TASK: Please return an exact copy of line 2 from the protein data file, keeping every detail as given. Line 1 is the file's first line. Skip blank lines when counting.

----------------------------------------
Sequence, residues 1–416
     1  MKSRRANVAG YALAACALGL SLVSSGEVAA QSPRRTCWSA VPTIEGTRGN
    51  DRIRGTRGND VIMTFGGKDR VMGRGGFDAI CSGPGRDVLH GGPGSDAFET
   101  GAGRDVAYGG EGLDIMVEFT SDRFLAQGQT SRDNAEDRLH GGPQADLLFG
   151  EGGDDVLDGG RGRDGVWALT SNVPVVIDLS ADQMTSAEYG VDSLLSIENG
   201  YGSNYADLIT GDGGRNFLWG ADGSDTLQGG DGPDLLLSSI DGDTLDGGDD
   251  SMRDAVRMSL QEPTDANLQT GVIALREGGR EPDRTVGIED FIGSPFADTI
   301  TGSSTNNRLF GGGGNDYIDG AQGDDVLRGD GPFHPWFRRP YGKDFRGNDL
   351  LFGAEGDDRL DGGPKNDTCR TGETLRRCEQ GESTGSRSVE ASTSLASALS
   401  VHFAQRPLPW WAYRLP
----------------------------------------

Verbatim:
     1  MKSRRANVAG YALAACALGL SLVSSGEVAA QSPRRTCWSA VPTIEGTRGN